Anti-natalists actually deny that child-making has a basically positive valence. They think that we always do something bad, not good or even neutral, by having children. Yes, there are anti-natalists, people who are opposed in principle to all child-making, and their arguments merit some attention. To grasp their case against reproduction, anti-natalists ask us to focus on the headaches and heartaches in people’s lives. These, for one reason or another, are seen by anti-natalists as conclusive reasons not to reproduce.

Of course, there are plenty of headaches and heartaches, and some of the troubles start very early. Perhaps it’s uncomfortable wearing your first pair of diapers, or even squeezing through your mother’s birth canal. From the first day onward, a life will be marred by miseries and failures and mistakes to one degree or another. One way to go on is to say that the bad fraction of any life, however large or small, is problematic because you can’t get a child’s permission before creating it. A more subtle anti-natalist argument is made by South African philosopher David Benatar in his much-discussed book, Better Never to Have Been: The Harm of Coming into Existence.

Suppose you’re thinking about creating a child. Some specific child will be born, ifyou go ahead: “Charlie,” let’s call him. Ifyou do not have Charlie, one day you might think of him, your would-have- been child, and though it would be odd, it would make sense if you said, “It’s good Charlie isn’t suffering his headaches and failures” (or whatever bad things would have been in the bad fraction of his life). You might go on to think it’s good that Charlie isn’t having the terrible bout of gastroenteritis you (somehow) correctly guess he would have had at age six. Later you might think it’s good that he isn’t having the migraine he would have had at sixteen. Still later, you might think it’s good that he isn’t going through the emotional trauma of breaking up with his girlfriend, as he would have at twenty-six. Somehow you can picture the life history that would have been, and you are grateful for the missing bad times.

Now for the crux of the matter. Benatar argues that nothing counterbalances the good of those missing bad times. That’s because the opposite can’t be said: Charlie’s missing pleasures aren’t bad. It’s not a bad thing that Charlie never got to eat a bowl of ice cream. It’s not a bad thing that he never won a chess match. But why? Why is it good when nonexistent Charlie’s pains are absent, but not bad when his pleasures are absent? Benatar says the asymmetry is due to the fact that absent pleasures are only bad when they are experienced as deprivations; and nonexistent Charlie won’t be around to feel deprived. Absent pains, on the other hand, are good even if nonexistent Charlie isn’t around to be glad of their absence.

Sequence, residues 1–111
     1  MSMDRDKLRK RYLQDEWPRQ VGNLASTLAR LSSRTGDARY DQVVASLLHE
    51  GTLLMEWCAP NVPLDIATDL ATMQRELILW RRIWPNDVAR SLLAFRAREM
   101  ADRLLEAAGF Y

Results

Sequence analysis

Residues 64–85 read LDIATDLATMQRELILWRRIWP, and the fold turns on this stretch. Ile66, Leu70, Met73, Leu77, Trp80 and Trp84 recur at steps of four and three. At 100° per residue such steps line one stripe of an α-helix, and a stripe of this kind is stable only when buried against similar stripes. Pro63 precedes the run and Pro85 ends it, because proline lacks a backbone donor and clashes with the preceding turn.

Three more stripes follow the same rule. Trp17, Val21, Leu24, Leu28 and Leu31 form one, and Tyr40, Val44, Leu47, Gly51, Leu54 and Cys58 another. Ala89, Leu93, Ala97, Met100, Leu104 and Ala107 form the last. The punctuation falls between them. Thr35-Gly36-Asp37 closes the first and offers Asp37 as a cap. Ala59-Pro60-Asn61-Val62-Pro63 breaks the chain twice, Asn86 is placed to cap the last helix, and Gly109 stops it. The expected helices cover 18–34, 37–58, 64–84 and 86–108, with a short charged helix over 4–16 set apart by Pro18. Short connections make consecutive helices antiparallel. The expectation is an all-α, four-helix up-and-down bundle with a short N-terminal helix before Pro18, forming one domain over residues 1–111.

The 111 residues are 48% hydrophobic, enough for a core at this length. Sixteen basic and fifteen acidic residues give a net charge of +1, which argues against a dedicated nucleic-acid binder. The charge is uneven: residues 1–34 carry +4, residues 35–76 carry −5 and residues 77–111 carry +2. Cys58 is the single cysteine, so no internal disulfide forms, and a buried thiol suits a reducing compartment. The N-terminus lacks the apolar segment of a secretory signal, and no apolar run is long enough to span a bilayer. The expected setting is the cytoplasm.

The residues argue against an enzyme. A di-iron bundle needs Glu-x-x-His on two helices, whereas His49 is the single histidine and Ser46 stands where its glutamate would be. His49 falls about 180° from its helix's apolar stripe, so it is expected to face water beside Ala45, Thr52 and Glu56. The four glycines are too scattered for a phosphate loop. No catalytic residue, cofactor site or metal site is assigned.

If we take this subtle asymmetry seriously, then we have one score as the basis for judging the no-Charlie scenario: the positive

score that we awarded based on the good of his missing misery. There’s no negative score to be awarded, based on his missing pleasures and successes. It’s all good if he doesn’t exist; it’s not at all bad. And there is nothing special about Charlie. You can run this argument on any would-be child, so long as he or she will endure so much as a second of misery in life. The point is not about how much misery and failure there is in people’s lives, compared to the joy and success. The point is that the misery, however little, means a person shouldn’t be created, and all the joys do not reverse that conclusion.

Affirming the asymmetry has enormous ramifications, but Benatar expects us to find it intuitively plausible. He also encourages us to accept it by trying to show that if we didn’t, we would be forced to swallow some very unsavory implications of affirming the symmetry of absent pains being good and absent pleasures being bad. Given this symmetry, Benatar thinks people would have a duty to avoid creating miserable people and a duty to create happy people, in order to prevent all those bad pleasure-absences. Childless people would have to feel guilty for not procreating, and people with just a few children would have to feel bad about not having more. Another unsavory outcome of not accepting his asymmetry would be this: when we contemplate unpopulated planets in remote reaches of the universe, we would have to think it’s not only good that nobody’s in agony there, but bad that nobody is enjoying themselves there. That strikes him as absurd, so Benatar thinks we can’t just comfortably disregard his asymmetry. And when we affirm it, we’re lead to his anti-natalist conclusion.